The only other candidates I believe worthy of consideration are New York’s Mike Woodson (due to his work with Carmelo Anthony and especially J.R. Smith) and Golden State’s Mark Jackson (for completely revamping the Warriors’ defense after injuries to Brandon Rush and Andrew Bogut). All that said, George Karl should win his first Coach of the Year Award in a landslide.

So, just how good is Nuggets’ rookie Evan Fournier and does he have a case for being the steal of 2012’s NBA Draft?

Let’s get one thing perfectly clear: Evan Fournier has only played 428 total minutes this season. Even in French that’s a small sample size. Of the 30 first round draft choices he took the stage with last June, only nine have seen less court time — with one of those being Royce White. Of his 428 minutes, 224 have been played in the fourth quarter of games well in hand. You can understand how it might be difficult to extrapolate much from such a limited data set. That fact notwithstanding, it is even more difficult to not like what you’ve seen from Denver’s latest draft pick.

Coming into 2012’s NBA Draft, the biggest cause for concern with Fournier was his perimeter shooting. Per Draft Express:

Had he shot a better percentage from beyond the arc with Poiters this season, it’s reasonable to wonder if he would be considered a legit top-20 prospect in this deep draft.

In other words, Evan Fournier is actually a top-20 draft pick. If you take his age (he’s only 20) and advanced basketball I.Q. into account, he’s a top-15 or top-10 pick in last year’s draft (in the coming weeks I plan to do an in-depth analysis into exactly where Evan stacks up in comparison to his fellow draftees). You don’t need to be a scout to see Fournier’s talents. He’s been absolutely dynamite down the stretch.

Over his last nine games, he’s averaging 12.3 points on 9 shots, 2.2 rebounds, 2.7 assists, 1.4 steals, and 1.2 turnovers in just 22.8 minutes per night. In that same span, he’s been Denver’s best overall player in terms of offensive and defensive net differential. The numbers are astounding. In Fournier’s 205 minutes played over the last nine games, Denver is scoring 116.2 points per 100 possessions with him on the floor and just 105.6 with him off. Furthermore, they are allowing only 92.5 points per 100 possessions with him on the floor and an astronomical 106.8 with him off. That’s just ludicrous. Especially when you consider he was not known as a defender coming into the draft.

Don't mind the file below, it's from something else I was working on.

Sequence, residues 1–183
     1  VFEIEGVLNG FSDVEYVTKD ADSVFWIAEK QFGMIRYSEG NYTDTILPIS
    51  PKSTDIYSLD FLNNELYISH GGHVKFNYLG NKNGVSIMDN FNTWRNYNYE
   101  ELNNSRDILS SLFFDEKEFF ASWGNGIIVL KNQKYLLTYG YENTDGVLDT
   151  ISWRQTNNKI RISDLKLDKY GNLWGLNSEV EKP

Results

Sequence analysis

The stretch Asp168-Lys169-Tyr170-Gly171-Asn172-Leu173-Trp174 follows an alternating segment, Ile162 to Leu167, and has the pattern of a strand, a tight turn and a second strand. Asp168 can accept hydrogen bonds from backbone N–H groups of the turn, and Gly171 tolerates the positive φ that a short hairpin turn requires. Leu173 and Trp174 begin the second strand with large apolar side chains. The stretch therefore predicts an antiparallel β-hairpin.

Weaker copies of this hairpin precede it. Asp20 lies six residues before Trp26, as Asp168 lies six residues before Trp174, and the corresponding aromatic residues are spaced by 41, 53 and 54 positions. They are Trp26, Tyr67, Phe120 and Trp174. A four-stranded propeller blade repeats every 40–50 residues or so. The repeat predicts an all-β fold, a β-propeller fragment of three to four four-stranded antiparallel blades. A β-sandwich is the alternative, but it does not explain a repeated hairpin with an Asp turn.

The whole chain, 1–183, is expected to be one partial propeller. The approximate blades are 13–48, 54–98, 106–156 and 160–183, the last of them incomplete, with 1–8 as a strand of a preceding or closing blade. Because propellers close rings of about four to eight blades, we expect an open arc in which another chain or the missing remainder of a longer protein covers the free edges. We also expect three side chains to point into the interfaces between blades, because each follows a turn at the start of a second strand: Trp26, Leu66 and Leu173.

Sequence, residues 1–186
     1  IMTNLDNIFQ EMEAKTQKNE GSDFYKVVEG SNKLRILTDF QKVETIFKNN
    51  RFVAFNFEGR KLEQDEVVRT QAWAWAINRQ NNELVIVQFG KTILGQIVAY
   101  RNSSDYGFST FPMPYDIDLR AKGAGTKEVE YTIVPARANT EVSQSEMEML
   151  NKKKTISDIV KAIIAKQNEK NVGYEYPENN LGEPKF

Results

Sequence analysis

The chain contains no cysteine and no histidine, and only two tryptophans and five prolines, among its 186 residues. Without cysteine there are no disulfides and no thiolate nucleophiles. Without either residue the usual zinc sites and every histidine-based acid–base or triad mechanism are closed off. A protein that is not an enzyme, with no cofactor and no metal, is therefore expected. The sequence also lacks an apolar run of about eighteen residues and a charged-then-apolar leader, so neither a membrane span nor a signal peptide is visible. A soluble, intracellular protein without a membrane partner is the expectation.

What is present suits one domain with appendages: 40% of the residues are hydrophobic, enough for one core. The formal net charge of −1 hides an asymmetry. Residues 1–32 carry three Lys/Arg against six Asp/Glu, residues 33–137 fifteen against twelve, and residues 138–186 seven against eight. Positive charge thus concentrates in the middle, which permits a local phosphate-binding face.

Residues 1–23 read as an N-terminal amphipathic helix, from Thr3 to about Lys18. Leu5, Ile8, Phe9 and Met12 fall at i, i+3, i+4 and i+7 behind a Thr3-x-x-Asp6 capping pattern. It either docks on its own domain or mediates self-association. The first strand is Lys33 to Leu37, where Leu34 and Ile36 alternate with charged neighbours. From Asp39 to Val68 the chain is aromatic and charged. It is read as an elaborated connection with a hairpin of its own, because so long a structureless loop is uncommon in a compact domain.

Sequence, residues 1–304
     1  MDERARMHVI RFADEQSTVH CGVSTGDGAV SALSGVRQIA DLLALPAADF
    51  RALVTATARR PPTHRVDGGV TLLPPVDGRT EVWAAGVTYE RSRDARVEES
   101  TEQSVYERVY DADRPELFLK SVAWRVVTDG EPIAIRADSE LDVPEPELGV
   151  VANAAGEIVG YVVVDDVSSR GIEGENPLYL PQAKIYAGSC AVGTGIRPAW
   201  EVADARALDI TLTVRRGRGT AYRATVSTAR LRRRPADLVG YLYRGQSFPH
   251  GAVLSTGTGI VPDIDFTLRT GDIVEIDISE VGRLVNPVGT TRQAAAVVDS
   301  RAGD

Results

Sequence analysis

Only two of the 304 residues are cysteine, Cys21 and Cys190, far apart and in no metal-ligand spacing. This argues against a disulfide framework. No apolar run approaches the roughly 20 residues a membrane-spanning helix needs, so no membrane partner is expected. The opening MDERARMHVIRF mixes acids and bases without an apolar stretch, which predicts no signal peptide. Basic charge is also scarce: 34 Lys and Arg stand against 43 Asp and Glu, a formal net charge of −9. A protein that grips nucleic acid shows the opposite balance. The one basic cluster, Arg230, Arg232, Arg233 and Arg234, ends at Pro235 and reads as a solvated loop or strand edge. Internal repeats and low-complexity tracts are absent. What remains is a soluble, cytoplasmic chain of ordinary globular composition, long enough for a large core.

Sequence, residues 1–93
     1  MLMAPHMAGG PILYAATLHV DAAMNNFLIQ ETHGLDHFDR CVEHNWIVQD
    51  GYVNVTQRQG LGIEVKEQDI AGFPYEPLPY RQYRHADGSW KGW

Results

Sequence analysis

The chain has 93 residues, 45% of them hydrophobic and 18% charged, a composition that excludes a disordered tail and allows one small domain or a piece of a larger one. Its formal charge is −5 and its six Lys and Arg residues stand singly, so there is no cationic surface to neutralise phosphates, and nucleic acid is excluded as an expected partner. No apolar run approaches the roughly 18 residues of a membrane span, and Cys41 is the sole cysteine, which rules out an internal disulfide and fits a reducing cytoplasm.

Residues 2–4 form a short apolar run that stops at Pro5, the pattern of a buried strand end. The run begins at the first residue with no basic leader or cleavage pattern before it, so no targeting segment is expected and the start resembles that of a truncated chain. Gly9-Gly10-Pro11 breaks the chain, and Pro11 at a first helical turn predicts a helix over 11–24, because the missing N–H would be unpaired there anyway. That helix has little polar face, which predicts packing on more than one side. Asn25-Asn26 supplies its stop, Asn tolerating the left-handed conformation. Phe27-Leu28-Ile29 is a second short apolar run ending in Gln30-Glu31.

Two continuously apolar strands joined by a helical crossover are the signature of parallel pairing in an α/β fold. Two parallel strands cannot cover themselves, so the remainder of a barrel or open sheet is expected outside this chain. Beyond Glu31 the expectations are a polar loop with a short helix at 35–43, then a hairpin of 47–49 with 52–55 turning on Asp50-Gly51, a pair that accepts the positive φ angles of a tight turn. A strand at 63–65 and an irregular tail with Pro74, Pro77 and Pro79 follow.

It is for all those reasons I was not surprised upon learning of his insertion into the starting lineup for game one of Denver’s first round playoff series with the Golden State Warriors. What Fournier does best is provide a sense of calm, trust, and intelligence to a regularly frantic Nuggets’ attack. He can be trusted to make the right play from opening tip to final buzzer — otherwise the head coach famous for not playing rookies would not be giving his 20 year-old sensation such responsibility.

I do not know what Fournier’s contributions will be against Golden State. No one does. But, if Denver is lucky enough to make a deep run in the playoffs, Evan Fournier will be a major reason why.

Viva France!

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About J.R.
I have been watching basketball for over twenty years. I like to think I've learned a thing or two in that time. Truth is, I've learned just one thing: I love this game.